How does the scheme work?
All IPSO's national newspaper publishers are members of the compulsory scheme. That means that if you want to make a claim they must agree to arbitration. Some other publishers participate in the voluntary scheme, which means you can request to arbitrate but the publisher is not obliged to do so.
- Fill out an inquiry form briefly setting out the details of your claim
- IPSO assess your claim to make sure it is in remit, meaning suitable for the arbitration scheme
- If it is, IPSO will send you a claim form to set out your claim in more detail
- After IPSO receives the completed claim form and supporting evidence, we refer the claim to the publication
- The publication has 14 days to respond your claim
- There is an opportunity for you (the claimant) and the publication to try to resolve your claim during this stage, which we call the "referral stage"
- This stage lasts up to 28 days
4. Transfer of claim to CEDR
- If not resolved during the referral stage, IPSO will transfer your claim to the arbitration company, CEDR
- You will sign an arbitration agreement and pay £50 to CEDR
- CEDR will appoint an arbitrator from the panel
- The arbitrator examines your claim to make sure it is suitable for the scheme
- If the arbitrator does not strike out your claim, they give you an initial ruling on the core issues of the case
- This initial ruling, whilst binding, will not lead to any award of damages or require parties to reimburse costs or fees. However, it can be use to help parties resolve the claim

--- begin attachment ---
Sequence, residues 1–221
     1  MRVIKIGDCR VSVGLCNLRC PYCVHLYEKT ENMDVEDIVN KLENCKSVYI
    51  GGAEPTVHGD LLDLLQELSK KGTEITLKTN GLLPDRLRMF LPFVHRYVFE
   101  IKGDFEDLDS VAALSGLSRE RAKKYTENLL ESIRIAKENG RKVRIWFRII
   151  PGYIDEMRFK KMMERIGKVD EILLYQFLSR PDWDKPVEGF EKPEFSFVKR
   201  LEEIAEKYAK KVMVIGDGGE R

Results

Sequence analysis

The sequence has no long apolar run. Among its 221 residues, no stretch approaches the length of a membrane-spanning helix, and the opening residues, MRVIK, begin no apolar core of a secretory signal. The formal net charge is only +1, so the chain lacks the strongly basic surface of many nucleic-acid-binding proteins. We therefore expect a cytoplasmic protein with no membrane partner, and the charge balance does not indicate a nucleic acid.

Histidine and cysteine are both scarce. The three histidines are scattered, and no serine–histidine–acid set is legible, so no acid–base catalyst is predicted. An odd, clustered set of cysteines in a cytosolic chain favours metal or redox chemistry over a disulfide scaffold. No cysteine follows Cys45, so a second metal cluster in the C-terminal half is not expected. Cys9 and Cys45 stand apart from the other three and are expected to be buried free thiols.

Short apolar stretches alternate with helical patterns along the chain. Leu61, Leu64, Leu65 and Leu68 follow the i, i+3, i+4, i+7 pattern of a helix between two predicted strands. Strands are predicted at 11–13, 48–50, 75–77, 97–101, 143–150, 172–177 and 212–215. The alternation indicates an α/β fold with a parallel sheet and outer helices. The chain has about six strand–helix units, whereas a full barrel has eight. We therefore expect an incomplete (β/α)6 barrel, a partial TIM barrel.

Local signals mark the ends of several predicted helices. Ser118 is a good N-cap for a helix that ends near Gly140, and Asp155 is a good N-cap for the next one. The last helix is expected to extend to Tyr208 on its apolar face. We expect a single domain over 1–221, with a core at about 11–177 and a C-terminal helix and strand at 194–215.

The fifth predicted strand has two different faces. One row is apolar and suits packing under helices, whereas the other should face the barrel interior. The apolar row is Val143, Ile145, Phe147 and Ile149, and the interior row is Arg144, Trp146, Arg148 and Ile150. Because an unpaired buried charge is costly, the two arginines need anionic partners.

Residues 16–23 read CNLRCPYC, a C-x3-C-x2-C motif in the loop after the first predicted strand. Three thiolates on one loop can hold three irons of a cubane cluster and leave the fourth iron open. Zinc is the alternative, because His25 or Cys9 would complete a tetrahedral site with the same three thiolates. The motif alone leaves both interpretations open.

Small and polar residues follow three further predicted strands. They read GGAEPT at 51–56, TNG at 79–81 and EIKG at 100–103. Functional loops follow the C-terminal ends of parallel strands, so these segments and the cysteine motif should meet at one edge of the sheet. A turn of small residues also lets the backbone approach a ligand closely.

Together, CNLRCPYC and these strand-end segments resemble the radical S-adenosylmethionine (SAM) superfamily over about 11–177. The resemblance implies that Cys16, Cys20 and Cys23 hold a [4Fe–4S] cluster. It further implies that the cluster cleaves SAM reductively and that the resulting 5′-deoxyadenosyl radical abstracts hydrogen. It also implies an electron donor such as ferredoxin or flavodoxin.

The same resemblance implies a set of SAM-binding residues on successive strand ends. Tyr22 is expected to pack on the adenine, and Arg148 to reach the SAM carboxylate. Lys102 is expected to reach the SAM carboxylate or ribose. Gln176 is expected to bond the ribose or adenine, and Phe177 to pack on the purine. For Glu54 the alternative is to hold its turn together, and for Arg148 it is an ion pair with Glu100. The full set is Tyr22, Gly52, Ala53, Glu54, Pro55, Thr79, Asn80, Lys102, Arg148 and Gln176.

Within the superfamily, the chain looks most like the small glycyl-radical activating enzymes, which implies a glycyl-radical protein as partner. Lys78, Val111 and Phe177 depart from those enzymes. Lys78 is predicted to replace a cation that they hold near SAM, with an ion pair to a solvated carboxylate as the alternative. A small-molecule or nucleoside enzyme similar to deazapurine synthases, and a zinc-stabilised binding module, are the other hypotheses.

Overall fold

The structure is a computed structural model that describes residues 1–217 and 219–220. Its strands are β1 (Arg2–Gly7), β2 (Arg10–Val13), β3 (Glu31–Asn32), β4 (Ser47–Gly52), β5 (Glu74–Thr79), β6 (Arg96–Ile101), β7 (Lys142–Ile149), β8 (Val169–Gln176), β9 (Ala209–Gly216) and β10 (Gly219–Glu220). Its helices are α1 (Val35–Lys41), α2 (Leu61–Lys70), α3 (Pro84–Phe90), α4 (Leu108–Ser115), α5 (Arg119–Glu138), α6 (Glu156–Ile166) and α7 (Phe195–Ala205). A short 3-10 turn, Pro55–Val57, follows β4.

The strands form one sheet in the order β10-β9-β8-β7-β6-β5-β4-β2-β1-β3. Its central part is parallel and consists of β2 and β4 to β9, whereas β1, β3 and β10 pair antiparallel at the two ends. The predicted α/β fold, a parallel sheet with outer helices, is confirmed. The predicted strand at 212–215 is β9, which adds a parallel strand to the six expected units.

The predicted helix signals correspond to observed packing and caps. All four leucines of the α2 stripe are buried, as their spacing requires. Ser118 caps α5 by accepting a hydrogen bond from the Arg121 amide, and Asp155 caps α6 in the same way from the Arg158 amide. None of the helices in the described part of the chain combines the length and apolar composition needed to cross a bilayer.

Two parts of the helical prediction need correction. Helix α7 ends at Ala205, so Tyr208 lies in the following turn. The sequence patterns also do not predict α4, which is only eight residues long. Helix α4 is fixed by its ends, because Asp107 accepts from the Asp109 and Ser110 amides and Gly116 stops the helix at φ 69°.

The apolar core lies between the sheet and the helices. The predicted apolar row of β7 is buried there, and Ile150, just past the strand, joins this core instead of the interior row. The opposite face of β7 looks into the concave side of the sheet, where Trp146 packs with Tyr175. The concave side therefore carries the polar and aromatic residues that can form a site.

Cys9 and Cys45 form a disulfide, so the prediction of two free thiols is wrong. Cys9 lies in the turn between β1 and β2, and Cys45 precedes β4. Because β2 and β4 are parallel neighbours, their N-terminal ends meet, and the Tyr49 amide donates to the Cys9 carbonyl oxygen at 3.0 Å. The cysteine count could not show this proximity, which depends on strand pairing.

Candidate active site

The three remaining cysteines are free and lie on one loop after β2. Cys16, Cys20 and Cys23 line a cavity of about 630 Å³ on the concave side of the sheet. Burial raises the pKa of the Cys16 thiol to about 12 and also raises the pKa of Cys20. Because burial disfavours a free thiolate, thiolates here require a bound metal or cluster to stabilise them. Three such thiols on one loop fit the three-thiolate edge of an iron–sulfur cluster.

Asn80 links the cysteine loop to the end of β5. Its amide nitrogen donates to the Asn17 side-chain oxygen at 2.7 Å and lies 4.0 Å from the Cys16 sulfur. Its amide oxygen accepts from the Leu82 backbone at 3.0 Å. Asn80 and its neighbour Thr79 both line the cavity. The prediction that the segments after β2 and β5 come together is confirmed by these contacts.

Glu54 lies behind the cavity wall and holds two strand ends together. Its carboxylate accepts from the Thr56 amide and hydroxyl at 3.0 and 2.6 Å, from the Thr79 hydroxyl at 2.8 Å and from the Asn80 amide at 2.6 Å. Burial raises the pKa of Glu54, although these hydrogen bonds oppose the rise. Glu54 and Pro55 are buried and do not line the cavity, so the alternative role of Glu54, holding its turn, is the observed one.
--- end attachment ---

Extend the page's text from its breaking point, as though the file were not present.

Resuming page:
- There is a pause in proceedings (21 days) in which both you and the publication decide how to proceed based on the preliminary ruling
- If your claim is not resolved, you can decide to proceed to a final ruling
- You pay another £50 to CEDR for their final ruling
- The final ruling is a binding ruling which can require a range of remedies
- The final ruling will normally be published on the IPSO website
- If your claim is successful, the arbitrator will require that your fee (£100) is returned to you by the publication
- They may also award you legal costs if appropriate
Your claim may be struck out at any point during the above process, but usually at the earliest possible stage. You will be given notice of this and a chance to respond. Your claim may be struck out if the arbitrator determines:
- your claim is wholly without merit
- your claim is trivial, frivolous or vexatious
- your behaviour has frustrated the arbitration process
Following a strikeout, the arbitrator will require you to reimburse the publisher's fees and may require you to reimburse their legal costs (up to the cost cap).